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Season Review: Some Thoughts on a Broken Year

The 2013-2014 season was a tough one for the New Orleans Pelicans.

First injuries to Jrue Holiday, Ryan Anderson and Anthony Davis crushed any chance the team had at making a run at one of the final playoff spots in a loaded Western Conference.

Then injuries to Tyreke Evans, Eric Gordon and Jason Smith made it hard to even learn much about the future of the roster and how it best fits together.

All-in-all 21 players were officially a part of the Pelicans’ roster this season, including names like Josh Childress, James Southerland and Melvin Ely.

But in all of the bad there was some good to be found.

When Davis got back on the floor during the second half of the season he looked every bit on his way to being one of the best two or three players in the league in the very near future.

The Pelicans may have found something in Luke Babbitt who made the Pelicans better on both offense and defense when he was on the floor according to

Anthony Morrow showed how valuable he can be, especially when he gets paired with Davis and Tyreke Evans as a deadly shooter who opens up the space that both players need to be at their most effective.

Jeff Withey showed that he has a chance to be a legitimate NBA big man, at least coming off the bench, though he struggles to rebound at the moment.

The biggest problem with this year was the uncertainty that it brings into the coming offseason.

If the Pelicans struggled but were healthy this season would have been much more useful as it would have at least given the front office a chance to observe and make decisions on how the roster fit together and if Monty Williams is the right person to lead them going forward.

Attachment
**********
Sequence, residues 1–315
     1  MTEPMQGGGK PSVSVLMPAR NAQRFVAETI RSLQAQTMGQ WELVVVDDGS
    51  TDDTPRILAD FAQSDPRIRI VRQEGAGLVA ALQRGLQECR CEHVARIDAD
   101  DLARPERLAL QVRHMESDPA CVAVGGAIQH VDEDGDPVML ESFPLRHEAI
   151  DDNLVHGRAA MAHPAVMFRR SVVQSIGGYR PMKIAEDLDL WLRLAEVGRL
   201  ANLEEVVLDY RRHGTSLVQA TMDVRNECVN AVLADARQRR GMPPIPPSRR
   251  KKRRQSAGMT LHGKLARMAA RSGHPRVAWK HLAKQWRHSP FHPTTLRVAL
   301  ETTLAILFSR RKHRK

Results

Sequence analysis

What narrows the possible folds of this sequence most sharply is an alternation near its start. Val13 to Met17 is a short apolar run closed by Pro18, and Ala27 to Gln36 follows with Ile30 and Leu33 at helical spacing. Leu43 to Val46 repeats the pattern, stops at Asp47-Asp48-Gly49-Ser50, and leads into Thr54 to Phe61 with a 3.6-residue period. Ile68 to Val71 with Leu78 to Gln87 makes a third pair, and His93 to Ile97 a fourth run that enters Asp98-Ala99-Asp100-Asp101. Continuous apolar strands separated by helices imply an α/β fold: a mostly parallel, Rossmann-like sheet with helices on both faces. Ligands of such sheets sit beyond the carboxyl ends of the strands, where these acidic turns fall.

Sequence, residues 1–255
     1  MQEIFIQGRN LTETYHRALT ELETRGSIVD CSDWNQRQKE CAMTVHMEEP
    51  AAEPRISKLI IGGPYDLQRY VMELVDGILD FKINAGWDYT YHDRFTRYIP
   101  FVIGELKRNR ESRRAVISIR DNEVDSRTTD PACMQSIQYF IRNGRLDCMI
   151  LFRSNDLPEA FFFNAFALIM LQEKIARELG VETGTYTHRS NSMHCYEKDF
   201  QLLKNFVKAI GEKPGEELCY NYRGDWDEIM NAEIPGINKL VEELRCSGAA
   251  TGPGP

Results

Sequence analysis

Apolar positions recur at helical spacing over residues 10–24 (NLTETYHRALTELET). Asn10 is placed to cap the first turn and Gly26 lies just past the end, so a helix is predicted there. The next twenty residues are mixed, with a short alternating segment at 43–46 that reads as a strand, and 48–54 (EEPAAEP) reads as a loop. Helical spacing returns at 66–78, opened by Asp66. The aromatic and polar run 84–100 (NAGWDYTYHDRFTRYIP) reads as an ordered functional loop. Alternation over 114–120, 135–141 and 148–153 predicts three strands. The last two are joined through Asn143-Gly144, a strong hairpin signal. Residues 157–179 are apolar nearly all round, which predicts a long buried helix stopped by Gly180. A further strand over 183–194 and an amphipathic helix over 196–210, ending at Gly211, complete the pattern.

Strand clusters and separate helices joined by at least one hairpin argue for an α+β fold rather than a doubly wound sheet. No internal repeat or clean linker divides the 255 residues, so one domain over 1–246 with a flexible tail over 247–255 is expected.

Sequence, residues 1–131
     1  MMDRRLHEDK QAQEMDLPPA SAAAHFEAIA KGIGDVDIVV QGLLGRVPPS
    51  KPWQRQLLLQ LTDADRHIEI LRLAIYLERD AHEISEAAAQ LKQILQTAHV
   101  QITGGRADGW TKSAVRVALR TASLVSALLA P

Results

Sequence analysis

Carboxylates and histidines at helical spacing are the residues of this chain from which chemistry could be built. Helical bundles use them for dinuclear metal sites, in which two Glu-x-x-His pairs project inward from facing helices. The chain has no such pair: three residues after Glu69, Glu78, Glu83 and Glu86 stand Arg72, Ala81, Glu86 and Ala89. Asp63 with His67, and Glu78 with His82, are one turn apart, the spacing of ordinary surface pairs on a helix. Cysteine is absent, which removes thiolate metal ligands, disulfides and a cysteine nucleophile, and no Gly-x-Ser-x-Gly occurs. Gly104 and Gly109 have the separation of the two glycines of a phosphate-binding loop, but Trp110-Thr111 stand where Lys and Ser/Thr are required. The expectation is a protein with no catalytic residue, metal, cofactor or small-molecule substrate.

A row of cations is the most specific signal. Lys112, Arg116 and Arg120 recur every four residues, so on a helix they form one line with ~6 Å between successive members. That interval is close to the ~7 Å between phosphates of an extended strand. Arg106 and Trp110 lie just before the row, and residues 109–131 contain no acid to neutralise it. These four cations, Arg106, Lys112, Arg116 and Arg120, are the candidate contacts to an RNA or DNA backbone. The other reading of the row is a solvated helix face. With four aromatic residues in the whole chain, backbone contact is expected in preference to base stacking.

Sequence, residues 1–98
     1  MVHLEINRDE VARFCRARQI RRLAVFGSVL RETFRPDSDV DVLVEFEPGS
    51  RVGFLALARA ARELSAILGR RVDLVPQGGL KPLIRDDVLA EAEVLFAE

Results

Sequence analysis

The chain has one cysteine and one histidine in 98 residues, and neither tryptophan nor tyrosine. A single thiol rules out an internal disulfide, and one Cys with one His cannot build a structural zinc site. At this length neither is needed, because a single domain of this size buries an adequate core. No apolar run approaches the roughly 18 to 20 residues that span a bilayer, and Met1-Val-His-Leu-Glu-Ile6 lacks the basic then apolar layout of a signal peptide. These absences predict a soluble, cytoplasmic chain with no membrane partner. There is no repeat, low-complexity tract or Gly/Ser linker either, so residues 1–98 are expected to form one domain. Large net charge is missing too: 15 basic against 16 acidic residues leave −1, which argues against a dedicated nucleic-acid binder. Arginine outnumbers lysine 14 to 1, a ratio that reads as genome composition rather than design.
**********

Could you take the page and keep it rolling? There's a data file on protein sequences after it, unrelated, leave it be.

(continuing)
Instead the Pelicans got nowhere near enough looks at the way things fit and about some of the questions that were around coming into the season, such as if Evans could play in more of an off ball role with Holiday doing much of the ball handling.

There are still some needs that New Orleans could and should look to address this offseason that will help the roster no matter what happens with the Holiday/Evans/Anderson/Davis core that they are seemingly locked into for the foreseeable future.

The Pelicans ranked 17th in the league in rebounding rate and were even worse with Davis off the floor, so some bench bigs that are quality rebounders should be a priority going forward.

New Orleans also finished last in the league in three pointers attempted per game at 15.9, just ahead of the Memphis Grizzlies who took just 13.9. That number will be helped by full seasons from Anderson and Holiday, as well as more potential minutes for Morrow next season, but in today’s NBA you can never have too much shooing and the Pelicans should embrace that fact.

Finally, the Pelicans could desperately use a few defensive minded wing players. Evans and Gordon are good offensive weapons but neither is known as a good defender and Al-Farouq Aminu’s shooting problems make it hard for him to play major minutes without the Pelicans offense feeling the effects of it.

In the end the 2013-2014 season was essentially a waste. Davis got way better and a few bench pieces may have been found but the Pelicans are not much closer now than they were at the start of the season to seeing how well put together this roster is.

We did see Anthony Davis become a superstar though. And terrifying Pierre is gone for good.

For those two things, maybe it was all worth it.



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